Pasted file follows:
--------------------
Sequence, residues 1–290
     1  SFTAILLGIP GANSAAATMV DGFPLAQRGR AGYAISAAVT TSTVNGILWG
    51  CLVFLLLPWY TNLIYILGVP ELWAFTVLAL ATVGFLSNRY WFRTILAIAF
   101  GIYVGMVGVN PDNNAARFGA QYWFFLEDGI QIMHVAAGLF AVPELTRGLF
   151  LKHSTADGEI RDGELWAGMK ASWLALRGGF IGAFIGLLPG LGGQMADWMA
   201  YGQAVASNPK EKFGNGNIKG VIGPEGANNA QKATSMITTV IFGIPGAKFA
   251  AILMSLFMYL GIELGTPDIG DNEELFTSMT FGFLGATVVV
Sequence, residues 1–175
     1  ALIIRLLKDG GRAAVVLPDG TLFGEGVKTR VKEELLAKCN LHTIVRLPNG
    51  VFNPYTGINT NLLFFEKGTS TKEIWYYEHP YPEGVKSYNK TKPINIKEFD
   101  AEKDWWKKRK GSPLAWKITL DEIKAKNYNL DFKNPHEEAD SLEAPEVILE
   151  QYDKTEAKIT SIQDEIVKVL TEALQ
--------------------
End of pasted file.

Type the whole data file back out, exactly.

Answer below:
Sequence, residues 1–290
     1  SFTAILLGIP GANSAAATMV DGFPLAQRGR AGYAISAAVT TSTVNGILWG
    51  CLVFLLLPWY TNLIYILGVP ELWAFTVLAL ATVGFLSNRY WFRTILAIAF
   101  GIYVGMVGVN PDNNAARFGA QYWFFLEDGI QIMHVAAGLF AVPELTRGLF
   151  LKHSTADGEI RDGELWAGMK ASWLALRGGF IGAFIGLLPG LGGQMADWMA
   201  YGQAVASNPK EKFGNGNIKG VIGPEGANNA QKATSMITTV IFGIPGAKFA
   251  AILMSLFMYL GIELGTPDIG DNEELFTSMT FGFLGATVVV
Sequence, residues 1–175
     1  ALIIRLLKDG GRAAVVLPDG TLFGEGVKTR VKEELLAKCN LHTIVRLPNG
    51  VFNPYTGINT NLLFFEKGTS TKEIWYYEHP YPEGVKSYNK TKPINIKEFD
   101  AEKDWWKKRK GSPLAWKITL DEIKAKNYNL DFKNPHEEAD SLEAPEVILE
   151  QYDKTEAKIT SIQDEIVKVL TEALQ